The politics in Pakistan are more complex than in Haiti, however, and Holbrooke’s office may be better positioned to manage the interagency effort this time around. The Pakistan aid effort “comes within a broader strategy in terms of the nature of our relationship with Pakistan, as well as supporting Pakistan in its own efforts to deal with the extremist elements within its borders,” noted Crowley. “So our strategy with respect to Pakistan is broader than is the case with Haiti.”

There is also a functioning government in Pakistan to work with, which was not the case in Haiti.

Holbrooke’s aide Vali Nasr explained the value of using Holbrooke’s team and relationships in Pakistan to spearhead the flood relief effort.

“The U.S. was able to react very quickly, largely because of the interagency teams that it has put together, especially in the SRAP — the Office of the Special Representative for Afghanistan and Pakistan — which has made for much more rapid turnaround to addressing these kinds of issues,” Nasr said at Brookings.

UPDATE: The Washington Post reported that Shah bumped into the LET during his visit to  Sukker. “U.S. officials said after Shah’s visit that they had not been aware of the Islamist charity’s role at the camp and that they have no control over which organizations helped when and where,” the Post said.

Josh Rogin covers national security and foreign policy and writes the daily Web column The Cable. His column appears bi-weekly in the print edition of The Washington Post. He can be reached for comments or tips at josh.rogin@foreignpolicy.com.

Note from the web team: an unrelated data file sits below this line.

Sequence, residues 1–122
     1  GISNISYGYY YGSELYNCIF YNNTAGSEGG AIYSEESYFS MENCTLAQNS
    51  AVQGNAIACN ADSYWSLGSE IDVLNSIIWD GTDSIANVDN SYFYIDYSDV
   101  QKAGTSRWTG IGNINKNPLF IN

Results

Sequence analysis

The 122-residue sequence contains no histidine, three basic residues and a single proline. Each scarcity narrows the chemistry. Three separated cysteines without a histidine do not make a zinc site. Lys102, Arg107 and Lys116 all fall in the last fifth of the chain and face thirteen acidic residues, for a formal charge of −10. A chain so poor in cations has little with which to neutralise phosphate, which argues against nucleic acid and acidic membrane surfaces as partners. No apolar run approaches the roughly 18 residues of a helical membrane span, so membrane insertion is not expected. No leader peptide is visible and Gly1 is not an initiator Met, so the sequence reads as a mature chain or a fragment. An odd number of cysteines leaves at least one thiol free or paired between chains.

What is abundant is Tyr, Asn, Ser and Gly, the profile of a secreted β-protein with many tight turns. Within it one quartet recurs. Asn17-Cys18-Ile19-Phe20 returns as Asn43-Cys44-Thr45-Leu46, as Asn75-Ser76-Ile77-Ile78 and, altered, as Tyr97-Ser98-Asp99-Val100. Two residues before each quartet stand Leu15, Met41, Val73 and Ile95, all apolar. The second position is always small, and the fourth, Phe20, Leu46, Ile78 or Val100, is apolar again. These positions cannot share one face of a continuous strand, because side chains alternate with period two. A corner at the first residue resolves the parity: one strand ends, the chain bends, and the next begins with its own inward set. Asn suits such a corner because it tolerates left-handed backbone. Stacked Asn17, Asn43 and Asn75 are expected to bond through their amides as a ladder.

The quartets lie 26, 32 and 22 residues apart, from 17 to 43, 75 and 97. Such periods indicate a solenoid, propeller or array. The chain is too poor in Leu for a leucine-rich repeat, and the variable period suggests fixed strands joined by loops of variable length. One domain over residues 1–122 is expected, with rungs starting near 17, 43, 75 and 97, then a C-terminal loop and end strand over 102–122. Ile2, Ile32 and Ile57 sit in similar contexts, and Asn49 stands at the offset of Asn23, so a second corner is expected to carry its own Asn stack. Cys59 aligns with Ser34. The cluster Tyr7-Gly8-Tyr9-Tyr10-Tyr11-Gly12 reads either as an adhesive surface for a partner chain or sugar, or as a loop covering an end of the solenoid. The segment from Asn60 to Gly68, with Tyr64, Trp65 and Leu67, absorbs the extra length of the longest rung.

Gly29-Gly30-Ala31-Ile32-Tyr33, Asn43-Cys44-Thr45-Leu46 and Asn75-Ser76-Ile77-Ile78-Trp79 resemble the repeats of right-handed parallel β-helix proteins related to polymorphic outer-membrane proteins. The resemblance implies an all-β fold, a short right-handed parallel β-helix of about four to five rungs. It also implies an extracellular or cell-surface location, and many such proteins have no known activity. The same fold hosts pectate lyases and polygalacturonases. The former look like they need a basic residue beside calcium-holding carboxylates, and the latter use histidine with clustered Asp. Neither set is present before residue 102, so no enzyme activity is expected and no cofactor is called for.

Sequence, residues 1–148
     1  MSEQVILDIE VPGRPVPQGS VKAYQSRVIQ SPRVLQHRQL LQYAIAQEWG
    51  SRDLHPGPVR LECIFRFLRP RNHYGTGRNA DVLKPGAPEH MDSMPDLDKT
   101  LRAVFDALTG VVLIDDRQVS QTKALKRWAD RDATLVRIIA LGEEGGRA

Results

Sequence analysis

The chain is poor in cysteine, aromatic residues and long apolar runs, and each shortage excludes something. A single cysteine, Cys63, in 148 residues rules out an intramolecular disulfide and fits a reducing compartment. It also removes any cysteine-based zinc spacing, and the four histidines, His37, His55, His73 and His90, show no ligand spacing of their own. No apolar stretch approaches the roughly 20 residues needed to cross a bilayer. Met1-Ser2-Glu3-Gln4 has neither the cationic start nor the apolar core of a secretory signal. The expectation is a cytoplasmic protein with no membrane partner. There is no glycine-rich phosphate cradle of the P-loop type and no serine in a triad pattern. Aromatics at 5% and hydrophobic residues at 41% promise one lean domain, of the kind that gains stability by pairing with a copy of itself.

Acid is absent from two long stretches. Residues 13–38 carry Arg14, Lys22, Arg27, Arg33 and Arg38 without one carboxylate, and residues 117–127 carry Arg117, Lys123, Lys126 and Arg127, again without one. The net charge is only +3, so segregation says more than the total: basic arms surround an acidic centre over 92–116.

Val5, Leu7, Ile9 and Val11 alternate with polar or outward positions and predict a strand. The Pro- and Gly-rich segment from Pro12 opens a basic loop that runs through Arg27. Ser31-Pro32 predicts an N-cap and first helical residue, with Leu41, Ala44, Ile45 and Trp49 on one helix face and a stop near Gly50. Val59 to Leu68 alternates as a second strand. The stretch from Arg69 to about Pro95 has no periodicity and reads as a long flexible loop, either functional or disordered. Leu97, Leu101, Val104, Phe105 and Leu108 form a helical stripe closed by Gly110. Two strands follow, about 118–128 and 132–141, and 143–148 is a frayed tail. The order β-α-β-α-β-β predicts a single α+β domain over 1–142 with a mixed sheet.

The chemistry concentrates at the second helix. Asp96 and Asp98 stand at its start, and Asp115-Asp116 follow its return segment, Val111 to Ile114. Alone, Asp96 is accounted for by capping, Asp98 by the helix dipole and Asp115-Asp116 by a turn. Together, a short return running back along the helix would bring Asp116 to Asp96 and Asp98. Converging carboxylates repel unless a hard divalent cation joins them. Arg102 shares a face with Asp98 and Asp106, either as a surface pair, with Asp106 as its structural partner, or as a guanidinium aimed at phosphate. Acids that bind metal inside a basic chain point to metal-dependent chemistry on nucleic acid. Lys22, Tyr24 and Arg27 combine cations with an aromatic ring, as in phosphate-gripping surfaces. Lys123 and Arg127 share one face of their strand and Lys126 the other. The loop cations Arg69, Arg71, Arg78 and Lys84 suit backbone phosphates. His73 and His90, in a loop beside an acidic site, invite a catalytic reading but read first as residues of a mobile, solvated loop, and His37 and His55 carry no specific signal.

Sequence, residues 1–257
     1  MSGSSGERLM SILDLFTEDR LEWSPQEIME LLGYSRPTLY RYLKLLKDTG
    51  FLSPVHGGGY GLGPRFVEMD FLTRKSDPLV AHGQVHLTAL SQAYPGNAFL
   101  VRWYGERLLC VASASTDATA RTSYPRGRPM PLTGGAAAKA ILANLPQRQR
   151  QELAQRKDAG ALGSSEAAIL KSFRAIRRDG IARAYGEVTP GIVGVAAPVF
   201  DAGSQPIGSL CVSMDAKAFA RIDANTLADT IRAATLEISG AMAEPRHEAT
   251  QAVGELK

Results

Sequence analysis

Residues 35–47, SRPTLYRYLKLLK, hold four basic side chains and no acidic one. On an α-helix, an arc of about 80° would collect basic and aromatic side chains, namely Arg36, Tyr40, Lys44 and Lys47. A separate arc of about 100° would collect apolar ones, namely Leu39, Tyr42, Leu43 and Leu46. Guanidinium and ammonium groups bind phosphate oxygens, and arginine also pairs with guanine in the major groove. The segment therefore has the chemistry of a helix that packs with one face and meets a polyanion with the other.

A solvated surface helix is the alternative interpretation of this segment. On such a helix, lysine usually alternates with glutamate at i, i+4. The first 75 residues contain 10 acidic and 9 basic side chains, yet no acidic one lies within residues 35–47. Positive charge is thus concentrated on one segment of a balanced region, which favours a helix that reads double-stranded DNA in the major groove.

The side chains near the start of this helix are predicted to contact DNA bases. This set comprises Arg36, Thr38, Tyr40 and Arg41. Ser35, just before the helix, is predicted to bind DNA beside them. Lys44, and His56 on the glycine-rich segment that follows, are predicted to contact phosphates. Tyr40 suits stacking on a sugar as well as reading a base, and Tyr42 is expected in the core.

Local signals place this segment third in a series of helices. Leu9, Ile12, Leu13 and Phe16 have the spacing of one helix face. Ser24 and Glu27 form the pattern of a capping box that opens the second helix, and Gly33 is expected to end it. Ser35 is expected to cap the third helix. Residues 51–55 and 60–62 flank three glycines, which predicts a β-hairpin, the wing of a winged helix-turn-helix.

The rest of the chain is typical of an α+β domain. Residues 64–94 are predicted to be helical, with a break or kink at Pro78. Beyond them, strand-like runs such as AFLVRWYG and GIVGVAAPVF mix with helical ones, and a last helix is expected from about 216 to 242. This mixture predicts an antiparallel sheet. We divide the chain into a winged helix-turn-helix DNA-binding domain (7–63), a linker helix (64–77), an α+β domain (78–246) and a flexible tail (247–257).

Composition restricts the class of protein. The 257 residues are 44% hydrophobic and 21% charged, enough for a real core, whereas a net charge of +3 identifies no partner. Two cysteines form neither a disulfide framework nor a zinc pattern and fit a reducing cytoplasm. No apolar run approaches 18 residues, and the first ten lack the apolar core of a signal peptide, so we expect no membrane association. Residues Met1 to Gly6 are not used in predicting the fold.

Previously, Josh covered defense and foreign policy as a staff writer for Congressional Quarterly, writing extensively on Iraq, Afghanistan, Guantánamo Bay, U.S.-Asia relations, defense budgeting and appropriations, and the defense lobbying and contracting industries. Prior to that, he covered military modernization, cyber warfare, space, and missile defense for Federal Computer Week Magazine. He has also served as Pentagon Staff Reporter for the Asahi Shimbun, Japan's leading daily newspaper, in its Washington, D.C., bureau, where he reported on U.S.-Japan relations, Chinese military modernization, the North Korean nuclear crisis, and more.

A graduate of George Washington University's Elliott School of International Affairs, Josh lived in Yokohama, Japan, and studied at Tokyo's Sophia University. He speaks conversational Japanese and has reported from the region. He has also worked at the House International Relations Committee, the Embassy of Japan, and the Brookings Institution.

Josh's reporting has been featured on CNN, MSNBC, C-Span, CBS, ABC, NPR, WTOP, and several other outlets. He was a 2008-2009 National Press Foundation's Paul Miller Washington Reporting Fellow, 2009 military reporting fellow with the Knight Center for Specialized Journalism and the 2011 recipient of the InterAction Award for Excellence in International Reporting. He hails from Philadelphia and lives in Washington, D.C. Twitter: @joshrogin